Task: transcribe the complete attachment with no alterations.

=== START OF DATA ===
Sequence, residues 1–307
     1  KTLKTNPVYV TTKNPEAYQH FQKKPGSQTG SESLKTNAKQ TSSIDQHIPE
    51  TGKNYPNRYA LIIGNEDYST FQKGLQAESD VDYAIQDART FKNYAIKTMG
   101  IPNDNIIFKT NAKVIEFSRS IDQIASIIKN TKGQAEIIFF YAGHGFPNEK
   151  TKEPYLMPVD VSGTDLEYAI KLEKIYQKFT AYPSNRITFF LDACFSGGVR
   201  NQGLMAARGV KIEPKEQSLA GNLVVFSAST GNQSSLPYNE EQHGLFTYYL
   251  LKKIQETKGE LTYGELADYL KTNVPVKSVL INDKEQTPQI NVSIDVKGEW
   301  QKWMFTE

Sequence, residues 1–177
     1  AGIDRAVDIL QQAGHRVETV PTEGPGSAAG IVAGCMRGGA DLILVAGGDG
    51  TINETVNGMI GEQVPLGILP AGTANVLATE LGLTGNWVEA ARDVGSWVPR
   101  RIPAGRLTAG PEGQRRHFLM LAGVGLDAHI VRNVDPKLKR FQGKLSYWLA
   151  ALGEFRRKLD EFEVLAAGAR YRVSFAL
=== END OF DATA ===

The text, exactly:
Sequence, residues 1–307
     1  KTLKTNPVYV TTKNPEAYQH FQKKPGSQTG SESLKTNAKQ TSSIDQHIPE
    51  TGKNYPNRYA LIIGNEDYST FQKGLQAESD VDYAIQDART FKNYAIKTMG
   101  IPNDNIIFKT NAKVIEFSRS IDQIASIIKN TKGQAEIIFF YAGHGFPNEK
   151  TKEPYLMPVD VSGTDLEYAI KLEKIYQKFT AYPSNRITFF LDACFSGGVR
   201  NQGLMAARGV KIEPKEQSLA GNLVVFSAST GNQSSLPYNE EQHGLFTYYL
   251  LKKIQETKGE LTYGELADYL KTNVPVKSVL INDKEQTPQI NVSIDVKGEW
   301  QKWMFTE

Sequence, residues 1–177
     1  AGIDRAVDIL QQAGHRVETV PTEGPGSAAG IVAGCMRGGA DLILVAGGDG
    51  TINETVNGMI GEQVPLGILP AGTANVLATE LGLTGNWVEA ARDVGSWVPR
   101  RIPAGRLTAG PEGQRRHFLM LAGVGLDAHI VRNVDPKLKR FQGKLSYWLA
   151  ALGEFRRKLD EFEVLAAGAR YRVSFAL